Feeds

Sun seeks many Davids for MS Office fight

Preps XML standards for desktop

  • alert
  • submit to reddit

Intelligent flash storage arrays

ComputerWire: IT Industry Intelligence

Sun Microsystems Inc is hatching a set of XML data standards for use in desktop productivity applications, in attempt to unseat Microsoft Corp's domination of office applications,

Gavin Clarke writes

.

Palo Alto, California-based Sun said Friday it is working on a set of potential standards with a series of un-named partners, and the Organization for the Advancement of Structured Information Standards (OASIS).

No date has yet been set of submission of the standards to OASIS, as the company said it is first seeking a critical mass of support.

Sun software group's recently appointed chief technology officer John Fowler said the goal is to open up data held on desktops running Redmond, Washington-based Microsoft's Office. He believes a set of standards-based XML specifications would enable greater interoperability of third-parties' products, such as Sun's StarOffice 6.0, with Office.

Microsoft's roadmap is to embedded XML in Office. But Fowler said Microsoft's support XML does not necessarily enable greater interoperability between Office and other suites because Microsoft retains the power to alter its own data formats.

"Compatibility with Microsoft Office formats is extraordinarily challenging, because they can change what the blobs are," he told a press and analysts' gathering in San Francisco, California, on Friday.

Fowler believes a set of industry-backed XML-based data specifications would enable challengers, especially in the Linux and open source community, to realistically take on Microsoft. Fowler envisioned a scenario in which "lots of Davids" take on the Goliath.

Past challenges have failed to materialize. Sun first took on Office with StarOffice 5.2, based on OpenOffice. Compatibility with Office formats, though, was poor. "Products prior to OpenOffice 1.0 [the foundation of StarOffice 6.0] have been deficient," Fowler said.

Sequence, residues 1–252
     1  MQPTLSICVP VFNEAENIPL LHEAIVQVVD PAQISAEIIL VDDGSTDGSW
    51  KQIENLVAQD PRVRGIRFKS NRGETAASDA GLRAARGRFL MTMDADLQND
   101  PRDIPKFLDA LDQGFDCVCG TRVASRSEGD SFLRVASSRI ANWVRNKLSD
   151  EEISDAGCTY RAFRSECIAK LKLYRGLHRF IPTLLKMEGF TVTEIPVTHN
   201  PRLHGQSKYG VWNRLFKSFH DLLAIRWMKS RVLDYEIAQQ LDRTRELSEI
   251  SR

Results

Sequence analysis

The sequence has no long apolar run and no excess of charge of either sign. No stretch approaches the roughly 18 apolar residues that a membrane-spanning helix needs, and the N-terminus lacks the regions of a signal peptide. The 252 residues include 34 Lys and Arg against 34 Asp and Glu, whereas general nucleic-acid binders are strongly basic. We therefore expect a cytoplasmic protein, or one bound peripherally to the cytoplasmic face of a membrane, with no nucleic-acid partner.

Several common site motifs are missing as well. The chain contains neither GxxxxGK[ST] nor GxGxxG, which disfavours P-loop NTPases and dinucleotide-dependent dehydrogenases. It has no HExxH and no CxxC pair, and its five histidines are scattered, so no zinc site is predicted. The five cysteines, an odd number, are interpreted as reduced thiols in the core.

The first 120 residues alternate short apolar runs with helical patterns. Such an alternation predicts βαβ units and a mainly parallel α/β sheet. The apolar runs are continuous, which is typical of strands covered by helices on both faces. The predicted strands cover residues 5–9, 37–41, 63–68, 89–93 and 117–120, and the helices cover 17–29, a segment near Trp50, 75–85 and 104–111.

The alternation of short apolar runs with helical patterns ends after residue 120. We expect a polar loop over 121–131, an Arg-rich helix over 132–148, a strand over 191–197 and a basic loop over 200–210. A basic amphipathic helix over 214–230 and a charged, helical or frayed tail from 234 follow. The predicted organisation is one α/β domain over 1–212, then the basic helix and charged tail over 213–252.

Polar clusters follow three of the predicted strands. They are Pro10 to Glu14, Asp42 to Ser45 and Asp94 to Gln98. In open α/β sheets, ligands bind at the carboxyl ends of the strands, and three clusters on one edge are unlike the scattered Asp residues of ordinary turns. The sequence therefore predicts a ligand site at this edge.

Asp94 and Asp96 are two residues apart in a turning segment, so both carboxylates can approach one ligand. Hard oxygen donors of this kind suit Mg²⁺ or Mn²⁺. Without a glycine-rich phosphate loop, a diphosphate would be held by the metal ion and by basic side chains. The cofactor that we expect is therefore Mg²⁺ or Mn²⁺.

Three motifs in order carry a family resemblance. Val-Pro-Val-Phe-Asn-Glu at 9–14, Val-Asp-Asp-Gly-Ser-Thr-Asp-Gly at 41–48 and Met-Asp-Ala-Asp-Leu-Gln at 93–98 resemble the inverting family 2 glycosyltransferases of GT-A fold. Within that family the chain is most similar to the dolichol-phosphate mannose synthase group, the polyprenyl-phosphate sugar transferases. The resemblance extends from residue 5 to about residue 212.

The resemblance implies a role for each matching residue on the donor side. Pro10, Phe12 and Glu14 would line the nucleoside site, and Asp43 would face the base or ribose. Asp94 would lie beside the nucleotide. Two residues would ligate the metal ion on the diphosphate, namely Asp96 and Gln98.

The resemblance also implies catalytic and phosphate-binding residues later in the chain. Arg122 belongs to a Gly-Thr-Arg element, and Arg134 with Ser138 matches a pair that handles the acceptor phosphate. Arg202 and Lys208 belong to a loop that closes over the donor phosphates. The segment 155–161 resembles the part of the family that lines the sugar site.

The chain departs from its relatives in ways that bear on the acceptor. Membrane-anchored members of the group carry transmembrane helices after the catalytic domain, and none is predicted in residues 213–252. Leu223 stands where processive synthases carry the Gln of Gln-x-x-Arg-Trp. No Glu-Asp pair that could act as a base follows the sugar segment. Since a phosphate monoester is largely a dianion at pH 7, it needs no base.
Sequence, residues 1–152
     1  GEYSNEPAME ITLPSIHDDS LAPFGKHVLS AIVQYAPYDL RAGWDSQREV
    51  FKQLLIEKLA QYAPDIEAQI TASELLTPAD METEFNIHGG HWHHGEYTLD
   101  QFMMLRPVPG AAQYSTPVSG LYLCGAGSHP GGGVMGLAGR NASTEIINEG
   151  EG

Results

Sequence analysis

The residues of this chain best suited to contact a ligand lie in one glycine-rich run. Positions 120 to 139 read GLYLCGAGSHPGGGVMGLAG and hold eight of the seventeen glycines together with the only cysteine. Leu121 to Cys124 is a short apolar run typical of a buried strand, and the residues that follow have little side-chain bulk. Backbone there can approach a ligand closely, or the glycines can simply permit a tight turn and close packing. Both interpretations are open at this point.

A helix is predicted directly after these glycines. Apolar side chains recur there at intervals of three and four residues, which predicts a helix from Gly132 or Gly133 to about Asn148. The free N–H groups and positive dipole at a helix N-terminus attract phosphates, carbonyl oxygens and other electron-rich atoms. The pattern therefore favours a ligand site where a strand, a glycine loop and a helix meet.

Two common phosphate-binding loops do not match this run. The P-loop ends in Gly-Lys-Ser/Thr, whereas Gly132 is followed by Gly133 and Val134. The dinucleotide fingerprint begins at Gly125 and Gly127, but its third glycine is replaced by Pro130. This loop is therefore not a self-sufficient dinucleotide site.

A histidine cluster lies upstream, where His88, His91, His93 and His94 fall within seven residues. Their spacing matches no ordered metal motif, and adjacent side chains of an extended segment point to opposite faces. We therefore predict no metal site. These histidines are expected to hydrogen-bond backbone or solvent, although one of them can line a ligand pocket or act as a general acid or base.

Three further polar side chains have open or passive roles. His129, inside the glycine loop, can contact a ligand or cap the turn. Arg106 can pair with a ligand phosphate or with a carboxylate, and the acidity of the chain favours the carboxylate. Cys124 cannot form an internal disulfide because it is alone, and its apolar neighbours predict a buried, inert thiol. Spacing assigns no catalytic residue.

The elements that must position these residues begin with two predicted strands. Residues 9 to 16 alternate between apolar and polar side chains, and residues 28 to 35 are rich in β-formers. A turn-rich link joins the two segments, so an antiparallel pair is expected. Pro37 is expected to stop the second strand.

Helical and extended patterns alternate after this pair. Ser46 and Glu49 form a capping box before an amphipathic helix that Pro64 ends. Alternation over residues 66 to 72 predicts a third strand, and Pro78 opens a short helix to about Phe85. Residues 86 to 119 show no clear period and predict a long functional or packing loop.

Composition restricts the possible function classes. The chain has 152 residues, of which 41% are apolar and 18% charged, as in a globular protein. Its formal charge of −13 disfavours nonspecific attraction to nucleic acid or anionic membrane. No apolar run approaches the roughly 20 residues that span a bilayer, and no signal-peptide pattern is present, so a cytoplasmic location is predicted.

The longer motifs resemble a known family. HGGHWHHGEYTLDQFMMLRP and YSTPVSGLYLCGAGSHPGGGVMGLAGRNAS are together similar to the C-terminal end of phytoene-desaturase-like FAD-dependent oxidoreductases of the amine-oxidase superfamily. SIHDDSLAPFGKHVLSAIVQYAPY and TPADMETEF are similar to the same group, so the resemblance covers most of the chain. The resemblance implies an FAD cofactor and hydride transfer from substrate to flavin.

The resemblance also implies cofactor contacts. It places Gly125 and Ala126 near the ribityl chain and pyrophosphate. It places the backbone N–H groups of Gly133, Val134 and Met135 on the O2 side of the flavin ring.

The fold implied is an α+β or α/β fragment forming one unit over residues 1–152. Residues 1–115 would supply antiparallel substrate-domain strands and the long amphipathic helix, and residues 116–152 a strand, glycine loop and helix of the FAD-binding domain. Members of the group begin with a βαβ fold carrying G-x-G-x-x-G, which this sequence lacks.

Once standards for data formats are established, Sun believes two factors will drive development of Office rivals. One is increased maturity of open source browsers such as Mozilla and the Linux operating system - Fowler cited Red Hat 7.3 and SuSE 8.0 as good examples, which he said have "reasonable" install and management.

The second factor is Microsoft's new licensing program, especially Software Assurance which Fowler called a "wake-up call". "Customers have realized they have a platform... where their mission critical activities are completely bound into... a system, where a company can execute what ever licensing they want," he said.

© ComputerWire.

Providing a secure and efficient Helpdesk

More from The Register

next story
Google+ goes TITSUP. But WHO knew? How long? Anyone ... Hello ...
Wobbly Gmail, Contacts, Calendar on the other hand ...
UNIX greybeards threaten Debian fork over systemd plan
'Veteran Unix Admins' fear desktop emphasis is betraying open source
Preview redux: Microsoft ships new Windows 10 build with 7,000 changes
Latest bleeding-edge bits borrow Action Center from Windows Phone
Microsoft promises Windows 10 will mean two-factor auth for all
Sneak peek at security features Redmond's baking into new OS
Netscape Navigator - the browser that started it all - turns 20
It was 20 years ago today, Marc Andreeesen taught the band to play
Redmond top man Satya Nadella: 'Microsoft LOVES Linux'
Open-source 'love' fairly runneth over at cloud event
Chrome 38's new HTML tag support makes fatties FIT and SKINNIER
First browser to protect networks' bandwith using official spec
prev story

Whitepapers

Forging a new future with identity relationship management
Learn about ForgeRock's next generation IRM platform and how it is designed to empower CEOS's and enterprises to engage with consumers.
Why and how to choose the right cloud vendor
The benefits of cloud-based storage in your processes. Eliminate onsite, disk-based backup and archiving in favor of cloud-based data protection.
Three 1TB solid state scorchers up for grabs
Big SSDs can be expensive but think big and think free because you could be the lucky winner of one of three 1TB Samsung SSD 840 EVO drives that we’re giving away worth over £300 apiece.
Reg Reader Research: SaaS based Email and Office Productivity Tools
Read this Reg reader report which provides advice and guidance for SMBs towards the use of SaaS based email and Office productivity tools.
Security for virtualized datacentres
Legacy security solutions are inefficient due to the architectural differences between physical and virtual environments.